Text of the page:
First, our research shows that restrictive funding policies can limit participation of practitioner research partners, which in turn impacts on the equitable contribution of time and effort that partners can dedicate to the design and implementation of the research program. Funding arrangements thus created a power imbalance within the internal dynamics of the partnership (Shragge & Hanley 2006). As part of their job description, academics are able to dedicate time to research and are also able to expand their involvement through access to SSHRC’s release [from teaching] funding. Although efforts were made in BALTA to maintain a structural balance of academics and practitioners within the SERCs, the involvement of practitioners was limited by their difficulty in accessing release funding in addition to the fact that research was not built into most community participants’ job descriptions and work time commitments. Given these conditions, this type of research partnership severely limits the capacity for the direct engagement of practitioners.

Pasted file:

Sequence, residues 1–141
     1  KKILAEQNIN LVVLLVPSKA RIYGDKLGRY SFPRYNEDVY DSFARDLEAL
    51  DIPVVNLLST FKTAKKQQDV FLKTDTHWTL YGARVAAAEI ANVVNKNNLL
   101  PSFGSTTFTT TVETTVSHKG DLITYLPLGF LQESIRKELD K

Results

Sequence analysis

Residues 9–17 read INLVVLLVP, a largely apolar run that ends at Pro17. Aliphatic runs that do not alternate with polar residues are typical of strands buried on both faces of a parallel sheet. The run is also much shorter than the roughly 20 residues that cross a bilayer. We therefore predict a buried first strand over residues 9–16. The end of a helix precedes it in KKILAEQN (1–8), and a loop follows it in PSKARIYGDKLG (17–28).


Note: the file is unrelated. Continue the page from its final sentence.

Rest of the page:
Second, our research reveals that the dynamics of external and internal relationships influence the process of engagement. The unique challenges of BALTA associated with its practitioner-led partnership model underlines the need for continued exploration of not only why engagement is important but also how the process of engagement works, in its various forms. BALTA’s leadership by a social economy organization had a significant impact on the evolution of BALTA’s administrative and governance structures. Although community partners are eligible to lead research programs, they need to undergo a rigorous approval process by SSHRC, which in the case of BALTA significantly impeded progress in the initial phase and required innovative structural adjustments. Hence, this case demonstrates that context and relations of power need to be acknowledged and taken into account if engaged scholarship is to truly fulfill the potential for equal participation and mutual benefit (Prins 2006).